Plugs

Jason Fischer has a story appearing in Jack Dann’s new anthology Dreaming Again.

Jason Erik Lundberg‘s fiction is forthcoming from Subterranean Magazine and Polyphony 7.

Read Daniel Braum’s story Mystic Tryst at Farrgo’s Wainscot #8.

Susannah Mandel’s short story “The Monkey and the Butterfly” is in Shimmer #11. She also has poems in the current issues of Sybil’s Garage, Goblin Fruit, and Peter Parasol.

Apocalypses

by Jen Larsen

If he weren’t already dead— head torn off of his neck with a thick, tearing sound, and I swear I can still taste the blood that fountained up and spattered my face—I’d kill him all over again. John was the one who was going to live through the robot apocalypse—he had been making sure of it for years. Oh, he didn’t know it would be robots, not for sure. He had been prepared for it to be any of a number of apocalypses. It could have been the classic zombies or cold war fallout; the earth could have been struck by an asteroid, the sun could have winked out, a wolf could have eaten the moon. He was prepared for any eventuality: canned food, a wall of weapons. Survival guides, handbooks, medical kits, medical-grade pharmaceuticals, and extra can openers. He had trained himself to make knots, suture a wound, and had a pretty good idea of how to restructure and rebuild a society that had been decimated by a virus so virulent you’d think it had a mind of his own.

The point is—he was ready. He knew everything. And he told me, a throb in his voice and his hand on his heart, that he’d protect me. I told him, I don’t want to live through the apocalypse. I told him, just let me fall into the crack that splits the earth in two, and don’t worry about fishing me out. Just figure out how to stick the two sides of the whole back together, and get on with things.

You’ll think differently when it happens, he said.

Not likely, I said. I’m afraid to say I snorted, in a derisive way. I turned the page in the June 25th issue of The New Yorker.

I’ll keep you alive no matter what, he said.

Don’t bother, I said airily.

He should have listened to me. I mean, you know it’s my fault he died. Lunging to shove me out of the way of the pincer-clawed, traction-treaded harvester, he took the blow that was meant for me. I was so tired of running, and I didn’t think he had seen me stop. I didn’t think he had seen me turn and throw my hands up and say Fine! Okay! You win! He hadn’t believed I really meant it. Worse, I hadn’t believed he had meant it, either.

If he weren’t already dead— head torn off of his neck with a thick, tearing sound, and I swear I can still taste the blood that fountained up and spattered my face—I’d kill him all over again. John was the one who was going to live through the robot apocalypse—he had been making sure of it for years. Oh, he didn’t know it would be robots, not for sure. He had been prepared for it to be any of a number of apocalypses. It could have been the classic zombies or cold war fallout; the earth could have been struck by an asteroid, the sun could have winked out, a wolf could have eaten the moon. He was prepared for any eventuality: canned food, a wall of weapons. Survival guides, handbooks, medical kits, medical-grade pharmaceuticals, and extra can openers. He had trained himself to make knots, suture a wound, and had a pretty good idea of how to restructure and rebuild a society that had been decimated by a virus so virulent you’d think it had a mind of his own.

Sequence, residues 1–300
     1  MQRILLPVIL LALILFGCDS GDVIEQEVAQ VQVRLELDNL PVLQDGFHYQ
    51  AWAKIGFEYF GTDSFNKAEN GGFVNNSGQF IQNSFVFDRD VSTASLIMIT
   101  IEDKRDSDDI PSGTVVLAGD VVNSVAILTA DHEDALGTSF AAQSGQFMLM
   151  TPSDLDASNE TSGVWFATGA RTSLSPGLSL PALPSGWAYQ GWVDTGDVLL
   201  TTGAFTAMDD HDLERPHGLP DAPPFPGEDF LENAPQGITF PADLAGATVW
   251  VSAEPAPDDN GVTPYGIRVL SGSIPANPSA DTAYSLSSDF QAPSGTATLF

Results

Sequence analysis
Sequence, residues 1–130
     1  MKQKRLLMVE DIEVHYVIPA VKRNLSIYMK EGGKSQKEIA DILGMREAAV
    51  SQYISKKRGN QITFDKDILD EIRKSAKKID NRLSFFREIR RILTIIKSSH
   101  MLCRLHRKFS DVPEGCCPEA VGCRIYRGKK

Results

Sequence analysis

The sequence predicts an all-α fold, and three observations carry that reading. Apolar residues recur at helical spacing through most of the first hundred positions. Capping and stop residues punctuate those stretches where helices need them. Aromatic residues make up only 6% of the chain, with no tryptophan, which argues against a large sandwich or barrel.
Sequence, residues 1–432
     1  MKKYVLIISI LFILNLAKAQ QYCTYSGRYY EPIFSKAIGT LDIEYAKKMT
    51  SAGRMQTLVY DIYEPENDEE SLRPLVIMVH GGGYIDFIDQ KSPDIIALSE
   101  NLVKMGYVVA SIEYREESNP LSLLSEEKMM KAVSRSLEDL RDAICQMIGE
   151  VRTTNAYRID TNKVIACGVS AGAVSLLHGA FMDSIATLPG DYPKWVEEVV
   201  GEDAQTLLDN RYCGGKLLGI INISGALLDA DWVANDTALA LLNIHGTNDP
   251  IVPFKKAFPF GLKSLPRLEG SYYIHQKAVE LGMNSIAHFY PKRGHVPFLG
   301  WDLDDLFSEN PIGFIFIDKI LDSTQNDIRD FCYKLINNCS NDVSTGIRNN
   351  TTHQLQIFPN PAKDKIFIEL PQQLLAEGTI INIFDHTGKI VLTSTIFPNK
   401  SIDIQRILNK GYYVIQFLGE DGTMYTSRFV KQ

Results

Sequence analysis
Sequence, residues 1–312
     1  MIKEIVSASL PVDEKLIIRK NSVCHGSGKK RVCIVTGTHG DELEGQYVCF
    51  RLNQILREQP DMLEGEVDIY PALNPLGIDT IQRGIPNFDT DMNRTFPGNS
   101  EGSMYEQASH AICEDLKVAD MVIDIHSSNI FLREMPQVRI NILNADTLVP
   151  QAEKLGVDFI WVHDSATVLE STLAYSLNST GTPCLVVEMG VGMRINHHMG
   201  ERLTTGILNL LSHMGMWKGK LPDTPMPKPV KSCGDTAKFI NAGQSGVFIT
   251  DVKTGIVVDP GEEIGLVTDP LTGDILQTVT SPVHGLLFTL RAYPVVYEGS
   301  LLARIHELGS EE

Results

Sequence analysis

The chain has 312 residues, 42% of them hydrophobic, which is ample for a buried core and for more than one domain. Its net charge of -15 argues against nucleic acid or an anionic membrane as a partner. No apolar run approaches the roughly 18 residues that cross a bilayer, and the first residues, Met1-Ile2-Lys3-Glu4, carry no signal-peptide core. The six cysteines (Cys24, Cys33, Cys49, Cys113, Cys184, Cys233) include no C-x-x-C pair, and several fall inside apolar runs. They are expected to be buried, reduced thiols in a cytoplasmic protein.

The point is—he was ready. He knew everything. And he told me, a throb in his voice and his hand on his heart, that he’d protect me. I told him, I don’t want to live through the apocalypse. I told him, just let me fall into the crack that splits the earth in two, and don’t worry about fishing me out. Just figure out how to stick the two sides of the whole back together, and get on with things.

You’ll think differently when it happens, he said.

Not likely, I said. I’m afraid to say I snorted, in a derisive way. I turned the page in the June 25th issue of The New Yorker.

I’ll keep you alive no matter what, he said.

Don’t bother, I said airily.

He should have listened to me. I mean, you know it’s my fault he died. Lunging to shove me out of the way of the pincer-clawed, traction-treaded harvester, he took the blow that was meant for me. I was so tired of running, and I didn’t think he had seen me stop. I didn’t think he had seen me turn and throw my hands up and say Fine! Okay! You win! He hadn’t believed I really meant it. Worse, I hadn’t believed he had meant it, either.

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